By Marjorie Censer
Monday, October 11, 2010; 12
The federal government is moving to dramatically reduce the number of data centers it relies on, in a move that promises to reshape the local information technology landscape.
Vivek Kundra, the federal chief information officer, said the Office of Management and Budget has completed its inventory of the government's data centers and is now setting reduction targets as part of the 2012 budget process.
In an Oct. 1 memo to federal CIOs, Kundra reported that the government has just shy of 2,100 data centers -- a number that covers owned and leased centers larger than 500 square feet. The Defense Department boasts the highest number with 772, while the State Department comes in second with 361. On their heels are the Interior Department with 210 and the Department of Health and Human Services with 185.
The lowest number of any agency was one -- for the Office of Personnel Management.
Agencies have also submitted consolidation plans that set reduction targets, Kundra said, and OMB will review them to ensure agencies have been aggressive enough. As an example, he said the Department of Homeland Security has committed to shrinking from 24 data centers to two within the next five years, while the Treasury Department will go from 42 to 29. The mandate does not apply to data centers involving national security or classified material, Kundra said.
He said the move is meant to reduce the government's spending on energy, real estate and operations. It is likely to also push agencies into adopting cloud -- or Web-based -- computing platforms. Because cloud computing relies on a shared pool of resources such as networks, servers and storage, it uses data centers more efficiently.
"In the coming decade, the data center consolidation initiative will play a fundamental role in our shifts to cloud computing platforms," Kundra said.
While some data center operators may be holding their breath, other companies are hoping to play a major role in helping agencies consolidate their operations and move to cloud computing.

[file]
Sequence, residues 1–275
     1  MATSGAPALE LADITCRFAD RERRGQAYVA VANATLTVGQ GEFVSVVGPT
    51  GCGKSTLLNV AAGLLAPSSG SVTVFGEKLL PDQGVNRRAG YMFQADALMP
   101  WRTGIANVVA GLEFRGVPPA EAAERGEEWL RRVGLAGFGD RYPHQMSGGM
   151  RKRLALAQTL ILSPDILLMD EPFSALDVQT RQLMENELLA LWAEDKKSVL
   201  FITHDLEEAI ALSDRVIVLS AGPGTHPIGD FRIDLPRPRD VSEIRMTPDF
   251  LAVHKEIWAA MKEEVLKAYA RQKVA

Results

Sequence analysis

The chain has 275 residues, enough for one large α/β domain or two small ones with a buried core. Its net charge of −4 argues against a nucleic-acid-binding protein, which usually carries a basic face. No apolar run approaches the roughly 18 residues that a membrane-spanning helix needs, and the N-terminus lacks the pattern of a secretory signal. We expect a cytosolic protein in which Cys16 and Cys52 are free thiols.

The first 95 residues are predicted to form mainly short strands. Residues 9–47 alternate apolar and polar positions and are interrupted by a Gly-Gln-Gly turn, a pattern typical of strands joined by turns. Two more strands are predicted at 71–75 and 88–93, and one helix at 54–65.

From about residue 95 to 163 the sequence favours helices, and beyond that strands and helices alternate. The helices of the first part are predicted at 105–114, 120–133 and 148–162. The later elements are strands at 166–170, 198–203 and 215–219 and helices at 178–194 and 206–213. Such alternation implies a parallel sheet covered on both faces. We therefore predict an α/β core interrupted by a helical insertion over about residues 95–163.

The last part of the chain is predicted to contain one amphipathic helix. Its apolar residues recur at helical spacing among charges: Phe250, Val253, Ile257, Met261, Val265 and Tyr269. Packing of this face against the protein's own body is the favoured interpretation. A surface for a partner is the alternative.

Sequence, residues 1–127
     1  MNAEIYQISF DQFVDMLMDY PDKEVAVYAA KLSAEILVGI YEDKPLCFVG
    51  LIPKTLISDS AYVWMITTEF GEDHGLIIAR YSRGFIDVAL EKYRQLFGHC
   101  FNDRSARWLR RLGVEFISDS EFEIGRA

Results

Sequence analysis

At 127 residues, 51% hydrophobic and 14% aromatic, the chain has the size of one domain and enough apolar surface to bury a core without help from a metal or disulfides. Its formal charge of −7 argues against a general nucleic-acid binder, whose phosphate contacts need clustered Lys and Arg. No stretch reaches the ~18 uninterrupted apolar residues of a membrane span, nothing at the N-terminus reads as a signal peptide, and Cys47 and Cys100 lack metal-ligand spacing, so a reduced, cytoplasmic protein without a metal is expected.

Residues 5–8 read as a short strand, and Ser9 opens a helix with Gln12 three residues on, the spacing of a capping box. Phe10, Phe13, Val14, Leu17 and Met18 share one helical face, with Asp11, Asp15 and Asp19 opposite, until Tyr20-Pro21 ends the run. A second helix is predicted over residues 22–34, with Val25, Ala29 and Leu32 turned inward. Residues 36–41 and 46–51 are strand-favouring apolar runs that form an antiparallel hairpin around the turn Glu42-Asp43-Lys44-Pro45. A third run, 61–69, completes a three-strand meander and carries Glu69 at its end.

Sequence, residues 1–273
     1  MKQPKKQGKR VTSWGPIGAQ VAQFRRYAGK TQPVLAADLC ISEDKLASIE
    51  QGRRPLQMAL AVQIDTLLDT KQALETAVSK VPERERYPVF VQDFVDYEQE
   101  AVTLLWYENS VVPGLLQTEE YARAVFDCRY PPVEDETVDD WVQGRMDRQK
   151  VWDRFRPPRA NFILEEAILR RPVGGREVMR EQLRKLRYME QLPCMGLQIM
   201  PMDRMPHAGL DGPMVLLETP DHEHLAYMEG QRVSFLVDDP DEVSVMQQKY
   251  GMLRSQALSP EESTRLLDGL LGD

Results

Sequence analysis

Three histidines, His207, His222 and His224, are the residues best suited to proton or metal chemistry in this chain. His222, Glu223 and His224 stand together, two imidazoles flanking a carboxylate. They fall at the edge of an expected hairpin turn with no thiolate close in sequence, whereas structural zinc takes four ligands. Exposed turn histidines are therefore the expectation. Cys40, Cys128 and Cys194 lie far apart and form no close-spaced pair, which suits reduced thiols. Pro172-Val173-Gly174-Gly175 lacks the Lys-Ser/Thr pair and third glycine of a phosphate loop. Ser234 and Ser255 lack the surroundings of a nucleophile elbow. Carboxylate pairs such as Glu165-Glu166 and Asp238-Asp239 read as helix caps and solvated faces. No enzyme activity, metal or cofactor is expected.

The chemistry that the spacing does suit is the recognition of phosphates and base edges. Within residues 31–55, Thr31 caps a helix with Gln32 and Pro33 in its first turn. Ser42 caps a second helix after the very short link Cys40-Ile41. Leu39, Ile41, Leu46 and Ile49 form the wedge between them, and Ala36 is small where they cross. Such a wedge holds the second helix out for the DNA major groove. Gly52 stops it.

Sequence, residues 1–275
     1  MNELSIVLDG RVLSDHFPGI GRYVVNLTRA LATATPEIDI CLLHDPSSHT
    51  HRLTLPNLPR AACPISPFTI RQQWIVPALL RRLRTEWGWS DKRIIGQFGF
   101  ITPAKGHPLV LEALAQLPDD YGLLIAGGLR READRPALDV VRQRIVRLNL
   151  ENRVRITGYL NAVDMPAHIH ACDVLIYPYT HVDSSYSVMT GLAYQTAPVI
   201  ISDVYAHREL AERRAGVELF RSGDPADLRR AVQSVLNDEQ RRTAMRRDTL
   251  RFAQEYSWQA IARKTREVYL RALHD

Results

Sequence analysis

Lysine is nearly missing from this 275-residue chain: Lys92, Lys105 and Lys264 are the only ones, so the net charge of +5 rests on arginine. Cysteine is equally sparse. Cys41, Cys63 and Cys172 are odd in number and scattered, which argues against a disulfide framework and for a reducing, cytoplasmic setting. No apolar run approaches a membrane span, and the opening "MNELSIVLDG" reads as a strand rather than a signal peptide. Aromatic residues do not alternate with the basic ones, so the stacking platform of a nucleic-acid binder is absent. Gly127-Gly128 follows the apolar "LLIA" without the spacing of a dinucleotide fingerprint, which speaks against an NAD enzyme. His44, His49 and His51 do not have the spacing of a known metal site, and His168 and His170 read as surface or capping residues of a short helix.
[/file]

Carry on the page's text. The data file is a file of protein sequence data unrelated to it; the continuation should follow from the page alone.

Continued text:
Unisys, which bases its U.S. operations in Pennsylvania but has an extensive local presence, has prioritized data center consolidation work as a key focus area, said Venkatapathi "PV" Puvvada, vice president and managing partner for civilian agencies. After all, the company reduced its own data centers from 53 to two in the 1990s.
At Agilex Technologies in Chantilly, Chief Technology Officer Tim Hoechst said the shift can't happen soon enough. Helping agencies consolidate information technology resources and move to the cloud already represents close to a quarter of the company's business, Hoechst said.
We fully expect this is going to be a flagship business for us," he said.
Yogesh Khanna, chief technology officer of Falls Church-based CSC's North American public sector, said traditional information technology work is likely to wane over time. But change is inevitable.
"If you don't reduce the cost of operations, you sort of miss the boat ... It does cannibalize a little bit of what has been feeding the contractors," he said. "Having said that, cloud computing fundamentally is what I call the new growth platform."